If there’s one company I have no doubt at all stands behind film photography, it’s Ilford Photo. The UK-based outfit is far and away the leader in traditional black and white photography, with a full product lineup of film, paper and chemistry which puts everyone else to shame. Not bad form at all considering that just about a decade ago their future seemed very much in doubt.
These days they’re in rude health, described as “robustly profitable”, launching new products like the “Titan” large format pinhole camera and operating black and white pro lab services in both the UK/EuropeÂ and USA/CanadaÂ markets. Today’s announcement, however, is of major significance to people like me who still operate their own darkroom; an update to one fiber-based paper product and a wholeÂ newÂ FB paper line!
The existing MGIV fiber base product is being replaced by a new, improved version called Multigrade FB ClassicÂ with shorter exposure times and better responsiveness to toning compared to the MGIV FB papers it replaces. An all new cool tone paper, Multigrade FB Cooltone, is being added to the lineup. Meanwhile, the existing Multigrade FB Warmtone will remain unchanged. Ilford Photo now have a complete fiber-base paper lineup which affords a great deal of control over the final image through choice of paper and toning options. Fantastic!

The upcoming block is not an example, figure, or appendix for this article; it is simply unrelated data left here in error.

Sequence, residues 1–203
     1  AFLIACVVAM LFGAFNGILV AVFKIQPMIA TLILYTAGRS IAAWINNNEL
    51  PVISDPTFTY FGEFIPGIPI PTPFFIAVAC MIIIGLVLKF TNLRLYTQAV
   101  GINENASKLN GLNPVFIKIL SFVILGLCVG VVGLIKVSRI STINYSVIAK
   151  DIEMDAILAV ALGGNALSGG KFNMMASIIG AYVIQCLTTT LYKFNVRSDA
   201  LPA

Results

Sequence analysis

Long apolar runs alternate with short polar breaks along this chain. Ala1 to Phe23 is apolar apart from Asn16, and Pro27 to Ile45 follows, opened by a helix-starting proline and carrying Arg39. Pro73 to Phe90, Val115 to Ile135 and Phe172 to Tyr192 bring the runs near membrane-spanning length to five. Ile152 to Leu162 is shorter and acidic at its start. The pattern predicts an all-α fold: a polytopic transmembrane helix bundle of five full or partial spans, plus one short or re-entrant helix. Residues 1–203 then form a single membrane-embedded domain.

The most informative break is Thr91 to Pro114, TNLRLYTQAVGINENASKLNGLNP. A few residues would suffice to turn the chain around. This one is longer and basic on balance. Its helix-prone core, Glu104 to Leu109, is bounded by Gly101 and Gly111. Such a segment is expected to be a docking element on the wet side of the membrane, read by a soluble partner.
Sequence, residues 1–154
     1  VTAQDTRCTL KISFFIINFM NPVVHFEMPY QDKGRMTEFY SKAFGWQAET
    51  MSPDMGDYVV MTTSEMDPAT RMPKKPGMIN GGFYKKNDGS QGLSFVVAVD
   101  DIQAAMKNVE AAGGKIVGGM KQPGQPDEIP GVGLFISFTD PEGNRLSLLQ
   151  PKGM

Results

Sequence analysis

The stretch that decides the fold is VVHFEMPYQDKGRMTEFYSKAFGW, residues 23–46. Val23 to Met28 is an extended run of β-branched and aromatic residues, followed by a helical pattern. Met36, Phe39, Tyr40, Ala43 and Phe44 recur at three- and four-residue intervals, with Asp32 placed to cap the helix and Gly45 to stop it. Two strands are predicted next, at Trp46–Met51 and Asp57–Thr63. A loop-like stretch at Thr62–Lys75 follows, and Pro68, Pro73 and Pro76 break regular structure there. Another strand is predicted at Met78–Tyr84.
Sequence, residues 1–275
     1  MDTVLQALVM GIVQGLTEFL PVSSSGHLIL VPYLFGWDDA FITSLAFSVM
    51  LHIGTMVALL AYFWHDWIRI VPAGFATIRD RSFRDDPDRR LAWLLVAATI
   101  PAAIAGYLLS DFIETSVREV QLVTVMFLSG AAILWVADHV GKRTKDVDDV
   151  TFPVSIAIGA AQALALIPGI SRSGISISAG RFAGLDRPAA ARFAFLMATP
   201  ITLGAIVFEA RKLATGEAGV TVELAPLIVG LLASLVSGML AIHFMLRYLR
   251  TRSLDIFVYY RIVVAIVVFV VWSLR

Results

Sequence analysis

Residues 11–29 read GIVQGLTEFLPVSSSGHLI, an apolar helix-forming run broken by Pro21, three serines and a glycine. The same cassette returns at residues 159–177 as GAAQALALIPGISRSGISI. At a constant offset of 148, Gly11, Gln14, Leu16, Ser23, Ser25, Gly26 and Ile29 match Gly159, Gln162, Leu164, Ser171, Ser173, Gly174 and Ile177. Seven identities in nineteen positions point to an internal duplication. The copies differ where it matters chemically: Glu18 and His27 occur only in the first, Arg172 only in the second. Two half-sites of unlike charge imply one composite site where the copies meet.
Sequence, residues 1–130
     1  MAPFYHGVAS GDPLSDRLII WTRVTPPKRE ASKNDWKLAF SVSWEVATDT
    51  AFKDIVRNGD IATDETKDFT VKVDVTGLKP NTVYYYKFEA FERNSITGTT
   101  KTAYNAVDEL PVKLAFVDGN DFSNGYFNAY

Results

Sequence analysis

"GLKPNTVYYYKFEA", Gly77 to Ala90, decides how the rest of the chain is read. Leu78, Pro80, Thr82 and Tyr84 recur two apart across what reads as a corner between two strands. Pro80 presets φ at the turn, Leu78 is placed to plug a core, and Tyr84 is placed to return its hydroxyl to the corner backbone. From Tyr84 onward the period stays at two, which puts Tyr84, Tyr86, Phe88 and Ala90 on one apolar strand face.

Now, granted, I have not yet dipped my toe into printing on fiber base paper. I have a sample pack of Adorama’s matte and glossy FB papers I bought when I first opened up my darkroom, but concerns over the hardening fixer I was using being difficult to wash out and not having a proper print washer or hypo eliminator had caused me to hold off. Plus I really wanted to make sure I had the basics down on cheaper RC materials before jumping in at the deep end of proper fine art papers and the extra processing diligence they call for. Since I’ve switched to a non-hardening rapid fix again, specifically Formulary TF-5 which is said to make washing FB paper much easier even without the use of hypo eliminator, I intend to work through that sample pack soon to get a feel for working with fiber base materials.
Anyway this is great news for those of us who love the dark(room) arts and want to see the craft of traditional printing live on. Clearly, Ilford Photo believes it’s worth the R&D effort to make whole new products for us.
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